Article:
10 As it was clearly shown by the “secret” letter sent the 29th of September of 2011 (and published by the Corriere della sera the 5th of


The efforts of the unions are likely to be cancelled by any legislator who does not hide his lack of sympathy for them; the crisis of representativeness that trade unions are facing is, certainly, a consequence of the difficult

economic period that we are living in and, at the same time, the absence of legislation regulating the exercise

of the collective constitutional rights. Specifically, the constitutional model of collective bargaining (described in Article 39) and the exercise of the right to strike (Article 40) have not been developed by Italian legislation. The reasons are multiple but one of them worth pointing out has been trade unions’ “fear” of any public intervention in their organizations. However, this fear has a simple explanation: originating in the early fifties, they had just come out of the violent repression of twenty years of fascism.

In the past century, this peculiar situation did not create major problems for trade union activity thanks to their strong representativeness; instead, the breakdown of trade unions’ unity over the last decade, promoted by almost all Italian governments of this period, combined with the effects of austerity policies, is now leading to cases of absolute confusion. This new political and social landscape makes it impossible to keep on accepting a system without legal rules to verify the representativeness (D’Antona 1998, 319) of trade unions because the major unions can even loose the right to representation in the company if the employer refuses to sign a collective agreement with them. That is exactly what happened in the conflict in Fiat that began after it acquired control of Chrysler. We should remember that Chrysler came from a troubled past and has been repeatedly on the brink of bankruptcy in recent decades. Being marginalized by the U.S. market, it was not surprising that when Barack Obama decided in 2009, after their bankruptcy, to bail out General Motors and Chrysler, no American business stepped forward to fix and re-launch Chrysler. An attempt was made by Daimler but, after losing several million dollars, it was forced to give up in 2007. When Fiat acquired control of Chrysler, it circulated the illusion that an Italian company had begun a “conquest of America”. A few years on, it is clear that the situation should be seen in the opposite sense, because the strategies used by Fiat in Italy are not taken from Italian industrial relations tradition, but, on the contrary, they derive directly from the U.S. The problem is that the importance of this company has spread the conflict to other enterprises and sectors all over the country (Ales 2014).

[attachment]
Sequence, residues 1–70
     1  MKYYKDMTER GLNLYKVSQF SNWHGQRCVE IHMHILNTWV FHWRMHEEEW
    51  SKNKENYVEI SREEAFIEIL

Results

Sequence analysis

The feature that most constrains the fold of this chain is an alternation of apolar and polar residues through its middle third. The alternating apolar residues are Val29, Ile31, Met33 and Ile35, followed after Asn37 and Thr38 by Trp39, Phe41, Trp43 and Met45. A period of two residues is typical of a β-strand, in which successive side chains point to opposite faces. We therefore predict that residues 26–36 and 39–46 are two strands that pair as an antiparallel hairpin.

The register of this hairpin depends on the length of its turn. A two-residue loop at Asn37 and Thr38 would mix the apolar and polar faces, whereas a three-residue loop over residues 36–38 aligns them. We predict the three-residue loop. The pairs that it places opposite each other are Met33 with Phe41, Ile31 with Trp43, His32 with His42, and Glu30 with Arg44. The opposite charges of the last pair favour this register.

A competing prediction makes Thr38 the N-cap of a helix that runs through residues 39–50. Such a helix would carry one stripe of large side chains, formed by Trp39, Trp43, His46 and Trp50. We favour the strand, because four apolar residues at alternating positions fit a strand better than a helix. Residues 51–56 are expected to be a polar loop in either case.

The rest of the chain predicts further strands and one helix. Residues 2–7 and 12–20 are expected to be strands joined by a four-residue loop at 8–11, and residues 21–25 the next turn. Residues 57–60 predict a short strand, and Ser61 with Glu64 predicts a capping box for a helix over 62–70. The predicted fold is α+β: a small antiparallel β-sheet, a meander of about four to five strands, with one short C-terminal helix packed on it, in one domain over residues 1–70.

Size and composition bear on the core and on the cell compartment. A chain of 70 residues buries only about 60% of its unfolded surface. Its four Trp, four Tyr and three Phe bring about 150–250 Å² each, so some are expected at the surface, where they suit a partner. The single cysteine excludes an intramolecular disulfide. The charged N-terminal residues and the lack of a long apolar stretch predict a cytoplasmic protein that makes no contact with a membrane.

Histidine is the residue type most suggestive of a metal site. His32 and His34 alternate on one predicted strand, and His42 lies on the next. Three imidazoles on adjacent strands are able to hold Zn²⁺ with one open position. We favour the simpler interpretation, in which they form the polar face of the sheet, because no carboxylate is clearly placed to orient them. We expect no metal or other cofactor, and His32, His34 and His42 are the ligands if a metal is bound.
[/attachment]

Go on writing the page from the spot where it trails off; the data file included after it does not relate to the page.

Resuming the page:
Fiat, using an authoritarian and undemocratic approach, decided to escape from the structure model of collective bargaining of the Italian industrial relations system regulated by the Protocollo of July 1993 and, simultaneously, from the model of union representation in the company. The most significant step of Fiat’s business strategy was to exit from the employer’s association with which it was affiliated (Federmeccanica/Confindustria). Therefore, as there are no obligations from a legal standpoint for an employer regarding whether and with whom to bargain collectively, Fiat has been released from contractual obligations and started a new era of collective agreements stipulated with only a few of the most representative unions, creating major conflict within the trade unions as well as sparking significant academic debate.

A paradoxical consequence of existing Italian legislation involves FIOM members. Despite the fact that it is the most representative trade union both in the company and in the metal sector, the members of this union have lost the right to have representation unless FIOM signs the deal, because Article 19 of Statuto dei lavoratori guarantees this right only to trade unions that have signed a collective agreement applied within the company at any level (Ghera 2013, 155). Nevertheless, after the ruling of the Constitutional Court 231/2013, according to Article 19 of Statuto dei lavoratori, the most representative trade unions have the right to participate in the


negotiations for the conclusion of collective agreements and the right to have the peculiar prerogatives provided for in Title III of the Statuto dei lavoratori (A.Zoppoli 2011).